Thus it was that, over two six-hour mornings in the woods, this writer, who hitherto could only recognise such two-legged creatures of his native urban habitat as the Jostling Traincatcher, the Horn-Happy Motorist, the Beautiful Passing Lady and the Common Loafer, suddenly became alive to the beauties of the leaping air-dashes of the white-tailed paradise flycatcher, the hushed and monastic vigil of the crested serpent eagle, the breathtaking mid-air halt of the black-shouldered kite, the mellifluous call of the white-rumped shama, and the whooping of the racket-tailed drongo (the great mimic of the forest). There were also, on the ground, a variety of fascinating deer spotted chital no bigger than calves, little barking deer, enormous sambar and, lastly, Kanha&rsquos biggest success story the fawn-coloured hardground barasingha, who are found in India only in this particular forest, and now, after careful conservation, number above 400 after slipping down to a low of about 60.
These deer, as well as boars (and in times of scarcity, the occasional langur), serve as the food pool for Kanha&rsquos tigers. Early morning is the best time to spot tigers, and all morning we were in communication with the park&rsquos base camp, from where tracking elephants set out with their mahouts to pursue clues about tiger activity, such as the alarm calls of other birds and animals. Suddenly the air had a buzz tiger Every vehicle made a rush for the area in which the sighting had occurred, and there we mounted, in ordered turns, the pair of elephants whose labours had borne fruit. We lumbered off the main track into the vegetation, hurrying, stopping, turning, doubling back, scanning. Then there was a flash of stripes in the undergrowth, and there it was
A big cub, not yet full-grown, lithe, sleek, regal, the ripple of every muscle a thing of grace and beauty. Even in the face of such scrutiny, it was almost insolently self-absorbed, as if working out some private puzzle. A sight worth every labour in the world, hovering around indulgently for a minute or two and then suddenly, swiftly, gone.
After the pleasures of the wild (not only visual and aural but, happily, also gustatory a breakfast of rolls, sandwiches, muffins and coffee on a windy highland table rising above the rest of the park), we returned, once again, to the pleasures of civilisation, all worked up to a high polish. The french windows of my room led out onto a private deck with recliners and a view of the river, just the place to enjoy a drink from the mini-bar and reprise the morning&rsquos sights and scenes.
Lunch, buzzing with talk of the tiger, was by the side of the lodge&rsquos small pool, and featured a clear soup, kababs of both vegetarian and non-vegetarian persuasions accompanied by kulchas, kaali dal, matar paneer and then orange phirni for dessert. Chef Manish Tyagi&rsquos dinner (some of his ingredients sourced from the lodge&rsquos own gardens) was to outdo this almond and cardamom soup for first course, and then lamb biryani, chicken korma, sweet-and-sour brinjal and urad dal, all cooked dum-style. A nap naturally followed lunch, and then there was the option of a second trip into the jungle or a cup of tea, conversation and a bit of reading by the river or in the lounge till night fell and the sky became bright with stars. After dinner, the labours of the day brought sleep on quickly, and then again at daybreak there was the call of the wild.
Banjaar Tola offers a satisfying, comprehensive bouquet of experiences, although the scale of its energy consumption and its invitation to lavish water use seemed to me slightly in conflict with its claim of &lsquosustainable ecotourism&rsquo (luxury by very definition involves a touch of decadence). Of the establishment&rsquos many pleasures, the most striking is the quality and sociability of its safari staff. I took away memories not only of superb creature comforts and of close encounters with birds and beasts, but also of hours of good conversation about animal behaviour, tiger lore, conservation and migratory patterns, all well-digested because of the live presence of the subject matter. The lodge manages to be both school and sanctuary, gently ushering guests across states of happy relaxation and educative, well-supported and structured rambling. If the drive back to Nagpur seemed less arduous than the journey in, it was perhaps because it was a much more contented, pleasure-saturated person now going out.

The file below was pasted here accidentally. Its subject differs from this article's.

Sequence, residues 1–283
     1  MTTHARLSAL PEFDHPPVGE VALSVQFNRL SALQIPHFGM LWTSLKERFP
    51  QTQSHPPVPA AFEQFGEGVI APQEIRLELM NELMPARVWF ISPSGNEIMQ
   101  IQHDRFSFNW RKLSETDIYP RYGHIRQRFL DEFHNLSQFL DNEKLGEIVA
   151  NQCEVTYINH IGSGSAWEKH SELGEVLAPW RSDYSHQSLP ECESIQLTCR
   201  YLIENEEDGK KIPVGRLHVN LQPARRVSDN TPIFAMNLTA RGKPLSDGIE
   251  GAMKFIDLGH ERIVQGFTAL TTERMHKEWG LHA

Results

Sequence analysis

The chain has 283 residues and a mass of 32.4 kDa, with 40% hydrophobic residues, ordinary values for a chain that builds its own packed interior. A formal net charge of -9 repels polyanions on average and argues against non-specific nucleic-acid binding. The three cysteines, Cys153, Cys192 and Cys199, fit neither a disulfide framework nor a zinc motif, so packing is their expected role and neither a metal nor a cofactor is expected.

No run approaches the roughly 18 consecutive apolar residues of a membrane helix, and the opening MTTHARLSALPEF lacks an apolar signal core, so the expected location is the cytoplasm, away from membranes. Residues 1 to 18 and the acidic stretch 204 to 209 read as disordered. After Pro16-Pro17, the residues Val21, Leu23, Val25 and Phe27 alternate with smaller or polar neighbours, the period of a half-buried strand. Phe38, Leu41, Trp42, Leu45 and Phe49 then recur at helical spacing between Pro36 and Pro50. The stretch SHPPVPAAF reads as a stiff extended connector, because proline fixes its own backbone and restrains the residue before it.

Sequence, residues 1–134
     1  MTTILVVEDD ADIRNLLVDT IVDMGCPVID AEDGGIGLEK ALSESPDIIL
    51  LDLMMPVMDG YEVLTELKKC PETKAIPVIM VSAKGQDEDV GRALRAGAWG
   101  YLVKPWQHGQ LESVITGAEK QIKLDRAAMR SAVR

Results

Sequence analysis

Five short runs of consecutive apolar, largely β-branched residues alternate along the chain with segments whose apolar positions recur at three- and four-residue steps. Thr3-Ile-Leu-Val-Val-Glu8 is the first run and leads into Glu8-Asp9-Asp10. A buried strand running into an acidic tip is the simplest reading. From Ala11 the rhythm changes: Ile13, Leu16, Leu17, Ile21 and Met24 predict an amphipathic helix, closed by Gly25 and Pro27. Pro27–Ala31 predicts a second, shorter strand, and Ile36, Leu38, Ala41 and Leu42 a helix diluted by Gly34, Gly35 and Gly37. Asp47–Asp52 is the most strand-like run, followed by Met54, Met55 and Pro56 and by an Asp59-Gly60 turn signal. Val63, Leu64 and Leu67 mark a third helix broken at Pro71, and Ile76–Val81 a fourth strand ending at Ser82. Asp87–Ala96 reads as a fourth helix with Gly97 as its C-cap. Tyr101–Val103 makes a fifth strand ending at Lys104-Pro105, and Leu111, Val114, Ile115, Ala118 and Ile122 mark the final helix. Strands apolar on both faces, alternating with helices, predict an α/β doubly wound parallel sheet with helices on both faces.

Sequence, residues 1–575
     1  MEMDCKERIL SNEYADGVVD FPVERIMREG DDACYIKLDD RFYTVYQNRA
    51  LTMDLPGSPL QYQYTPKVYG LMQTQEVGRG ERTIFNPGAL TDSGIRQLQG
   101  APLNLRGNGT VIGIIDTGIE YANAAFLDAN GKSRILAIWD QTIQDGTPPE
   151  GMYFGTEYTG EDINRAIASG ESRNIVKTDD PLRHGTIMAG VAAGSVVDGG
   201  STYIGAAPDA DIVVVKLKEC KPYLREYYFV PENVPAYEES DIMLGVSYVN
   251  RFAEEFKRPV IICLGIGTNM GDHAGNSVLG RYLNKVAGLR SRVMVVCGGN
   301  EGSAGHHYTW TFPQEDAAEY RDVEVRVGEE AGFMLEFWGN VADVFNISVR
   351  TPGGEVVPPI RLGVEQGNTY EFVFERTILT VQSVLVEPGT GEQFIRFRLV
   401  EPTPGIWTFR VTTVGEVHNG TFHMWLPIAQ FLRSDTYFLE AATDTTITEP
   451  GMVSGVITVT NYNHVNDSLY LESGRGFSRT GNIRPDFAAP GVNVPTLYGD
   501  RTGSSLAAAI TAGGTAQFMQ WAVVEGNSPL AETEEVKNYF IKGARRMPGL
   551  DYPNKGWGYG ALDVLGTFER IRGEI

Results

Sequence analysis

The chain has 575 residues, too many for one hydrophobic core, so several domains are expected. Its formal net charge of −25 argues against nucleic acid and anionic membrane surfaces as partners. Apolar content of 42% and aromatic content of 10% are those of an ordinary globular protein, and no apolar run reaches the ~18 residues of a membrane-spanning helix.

Getting there Banjaar Tola can be accessed from two airports Jabalpur (175km) and Nagpur (266km). Kingfisher Red flies from Delhi to Jabalpur (from approx. Rs 4,000) and there are several flights to Nagpur (from approx. Rs 2,500). From Mumbai, there are several flights to Nagpur (from Rs 2,000). The lodge provides a car to drive guests from Nagpur airport to Kanha.
Banjaar Tola The luxury camp has 18 tented suites, divided into two camps of nine each.
Tariff Rs 32,000 in high season (January 1-April 15), Rs 30,000 (October-December), Rs 19,000 (April 16-June 30). The tariff is per person per night, and covers meals and drinks and the two daily safaris. Private safari vehicle costs extra.
There are currently also a couple of special packages on offer the Limited Jungle Plan at Rs 12,500 per person per night (till April 15), inclusive of all meals, non-alcoholic beverages, laundry, park fee, one safari per day and taxes and the Full Jungle Plan at Rs 15,000 per person per night, which includes an additional game safari every day. CONTACT 1800-111-825, 022-66011825, www.tajsafaris.com
When to Go Winters and early summer (December to April) are a good time to visit. Winter nights can be cold, so warm clothing is required, ideally in several layers since the day quickly grows warm. Banjaar Tola is closed during the monsoon months, from July to early October.
Where to see & do Extensive morning (6.30am-noon) and afternoon safaris (4pm sundown) in the national park fill up the entire day at Banjaar Tola, leaving time in between for lunch, drinks by the river and a nap. Meals massages (one to one-and-a-half hours long) that cost between Rs 2,500 and Rs 4,500.are long and luxurious, with three courses and a different menu every day of the week. The lodge has a safari shop, where a variety of books, garments and local handicrafts can be bought, and the sitting area has a small library of books on subjects like Indian wildlife, culture and weather patterns. The lodge also provides a range of head and body